At the Aug. 18 Ann Arbor city council meeting, anti-Israel activists left council chambers mid-session. Their parting shot was to contend that the council cared more about deer than about people. The reference to deer was an allusion to an agenda item that allocated $20,000 for development of a deer management plan. It was approved by the council in a unanimous vote.
But this column is not about deer versus people. It’s about corporations versus people. Also football. Even the U.S. Constitution.
First, here’s some background. On Aug. 18, the anti-Israel activists had not been able to address the council during reserved public comment time at the start of the meeting – because the council rules stipulate that preference is given to speakers who want to address an agenda item. A boycott against Israel was not on the agenda.
So during that comment period, the council heard from five people who spoke in favor of spending the $20,000 on a deer management plan. The other five reserved slots were taken by: Thomas Partridge, who was officially signed up to talk about the planning commission’s work plan (one of the attachments in the clerk’s report); two people who signed up to talk about revisions to the taxicab ordinance; and two people who had signed up to talk about the lease agreement with the University of Michigan for three parking lots at Fuller Park.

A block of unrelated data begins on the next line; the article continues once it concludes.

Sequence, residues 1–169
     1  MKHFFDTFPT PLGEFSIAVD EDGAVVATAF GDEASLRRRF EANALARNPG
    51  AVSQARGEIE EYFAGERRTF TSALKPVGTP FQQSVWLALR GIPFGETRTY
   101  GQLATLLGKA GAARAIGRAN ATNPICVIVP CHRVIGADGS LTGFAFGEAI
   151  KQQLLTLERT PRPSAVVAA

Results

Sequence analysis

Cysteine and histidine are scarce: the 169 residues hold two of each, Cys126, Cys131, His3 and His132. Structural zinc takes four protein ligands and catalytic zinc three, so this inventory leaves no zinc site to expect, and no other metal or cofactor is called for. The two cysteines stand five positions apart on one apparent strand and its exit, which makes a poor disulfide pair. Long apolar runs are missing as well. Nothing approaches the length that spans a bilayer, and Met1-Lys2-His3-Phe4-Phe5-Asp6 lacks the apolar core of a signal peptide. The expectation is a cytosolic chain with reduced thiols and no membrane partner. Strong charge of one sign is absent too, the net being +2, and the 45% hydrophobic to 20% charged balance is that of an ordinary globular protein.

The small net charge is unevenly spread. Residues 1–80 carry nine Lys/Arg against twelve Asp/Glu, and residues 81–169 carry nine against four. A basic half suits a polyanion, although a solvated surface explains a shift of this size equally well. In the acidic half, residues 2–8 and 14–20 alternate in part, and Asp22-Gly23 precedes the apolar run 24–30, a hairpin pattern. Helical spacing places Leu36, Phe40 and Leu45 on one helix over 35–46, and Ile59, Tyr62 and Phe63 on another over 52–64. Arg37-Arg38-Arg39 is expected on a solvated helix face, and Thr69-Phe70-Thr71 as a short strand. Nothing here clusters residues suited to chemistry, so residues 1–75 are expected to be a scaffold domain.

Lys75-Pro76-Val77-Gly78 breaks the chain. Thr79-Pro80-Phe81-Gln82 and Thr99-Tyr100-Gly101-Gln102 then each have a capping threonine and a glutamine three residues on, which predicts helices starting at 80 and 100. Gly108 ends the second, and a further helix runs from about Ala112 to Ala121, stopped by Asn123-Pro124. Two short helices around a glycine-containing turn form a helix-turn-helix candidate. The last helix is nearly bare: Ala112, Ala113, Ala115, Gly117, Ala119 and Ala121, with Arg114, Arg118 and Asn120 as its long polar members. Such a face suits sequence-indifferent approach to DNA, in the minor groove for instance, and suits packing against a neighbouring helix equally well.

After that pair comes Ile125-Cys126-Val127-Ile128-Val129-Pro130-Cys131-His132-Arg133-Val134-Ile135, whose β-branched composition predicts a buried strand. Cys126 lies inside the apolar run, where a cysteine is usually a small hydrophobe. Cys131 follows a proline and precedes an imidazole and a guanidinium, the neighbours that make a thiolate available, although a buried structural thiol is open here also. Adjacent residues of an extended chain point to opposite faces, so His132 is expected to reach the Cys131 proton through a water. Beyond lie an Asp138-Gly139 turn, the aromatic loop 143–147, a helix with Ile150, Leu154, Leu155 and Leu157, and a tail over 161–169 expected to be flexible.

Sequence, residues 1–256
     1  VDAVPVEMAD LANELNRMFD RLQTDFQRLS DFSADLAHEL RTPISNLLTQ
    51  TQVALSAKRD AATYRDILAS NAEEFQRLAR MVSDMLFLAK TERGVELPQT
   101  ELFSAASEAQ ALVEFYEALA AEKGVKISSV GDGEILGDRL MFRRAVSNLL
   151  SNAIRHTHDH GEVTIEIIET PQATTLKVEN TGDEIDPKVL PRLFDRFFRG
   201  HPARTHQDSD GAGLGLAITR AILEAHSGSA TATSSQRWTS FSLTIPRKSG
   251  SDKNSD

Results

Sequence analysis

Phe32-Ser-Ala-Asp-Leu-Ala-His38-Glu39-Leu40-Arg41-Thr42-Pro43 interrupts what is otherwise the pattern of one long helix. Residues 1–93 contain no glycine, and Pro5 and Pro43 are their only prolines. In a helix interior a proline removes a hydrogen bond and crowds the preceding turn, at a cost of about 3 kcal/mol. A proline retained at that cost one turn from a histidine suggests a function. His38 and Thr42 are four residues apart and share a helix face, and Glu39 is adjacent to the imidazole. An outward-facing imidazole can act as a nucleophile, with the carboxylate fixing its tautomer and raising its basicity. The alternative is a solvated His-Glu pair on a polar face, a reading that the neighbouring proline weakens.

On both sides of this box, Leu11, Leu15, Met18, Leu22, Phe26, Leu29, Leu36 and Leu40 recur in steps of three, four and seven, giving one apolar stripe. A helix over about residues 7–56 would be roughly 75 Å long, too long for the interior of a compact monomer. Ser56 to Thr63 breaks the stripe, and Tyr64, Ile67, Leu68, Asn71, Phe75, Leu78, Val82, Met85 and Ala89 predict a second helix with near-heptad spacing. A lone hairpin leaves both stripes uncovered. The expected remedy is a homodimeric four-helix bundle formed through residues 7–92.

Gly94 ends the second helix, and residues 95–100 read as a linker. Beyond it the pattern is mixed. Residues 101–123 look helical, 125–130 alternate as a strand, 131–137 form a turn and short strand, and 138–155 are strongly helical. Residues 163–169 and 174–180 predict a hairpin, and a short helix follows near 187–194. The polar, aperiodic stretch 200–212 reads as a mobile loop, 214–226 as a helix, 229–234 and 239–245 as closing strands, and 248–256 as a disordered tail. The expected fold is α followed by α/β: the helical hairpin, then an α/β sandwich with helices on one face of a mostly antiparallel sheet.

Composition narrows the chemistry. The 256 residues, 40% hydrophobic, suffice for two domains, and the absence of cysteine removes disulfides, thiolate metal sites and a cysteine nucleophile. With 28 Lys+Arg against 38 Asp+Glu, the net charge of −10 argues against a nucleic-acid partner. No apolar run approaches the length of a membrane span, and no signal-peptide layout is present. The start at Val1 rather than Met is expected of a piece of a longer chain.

That meant that anti-Israel activists were not able to reprise their demonstration at the previous council meeting, on Aug. 7, when eight of their group were signed up to speak. On that occasion, nearly all the commentary was complete. But then chants of “Boycott Israel” led mayor John Hieftje to recess the meeting. And he eventually decided to have Ann Arbor police clear the room of more than 50 activists. In this case, “clearing the room” translated into two officers telling the group’s leaders – Blaine Coleman and Mozghan Savabieasfahani – that they and their group had to leave. And after a few minutes, amid more loud chants and heated statements, the group left council chambers under their own power.
The contrast on obvious display at the Aug. 18 meeting was between two types of meeting attendees: (1) those who wanted to address the city council about an agenda item; and (2) those who wanted to address the council, but not on an agenda item.
That’s not the contrast I want to focus on. I want to focus on the contrast between two speakers who were alternates on the waiting list for reserved speaking time – both of whom wanted to address the council about an agenda item.
The two alternates were: Larry Baird, an Ann Arbor resident who signed up to talk about the Fuller Park lease agreement; and Michael White, a representative of Uber who was attending the meeting to speak against regulation of drivers for hire. Baird was slotted ahead of White on the alternate list.